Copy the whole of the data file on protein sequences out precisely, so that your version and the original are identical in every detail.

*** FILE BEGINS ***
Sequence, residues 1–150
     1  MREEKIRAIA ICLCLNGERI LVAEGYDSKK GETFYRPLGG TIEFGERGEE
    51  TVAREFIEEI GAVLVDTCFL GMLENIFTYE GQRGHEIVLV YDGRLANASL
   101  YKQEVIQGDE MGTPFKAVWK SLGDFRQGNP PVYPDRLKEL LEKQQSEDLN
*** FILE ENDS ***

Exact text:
Sequence, residues 1–150
     1  MREEKIRAIA ICLCLNGERI LVAEGYDSKK GETFYRPLGG TIEFGERGEE
    51  TVAREFIEEI GAVLVDTCFL GMLENIFTYE GQRGHEIVLV YDGRLANASL
   101  YKQEVIQGDE MGTPFKAVWK SLGDFRQGNP PVYPDRLKEL LEKQQSEDLN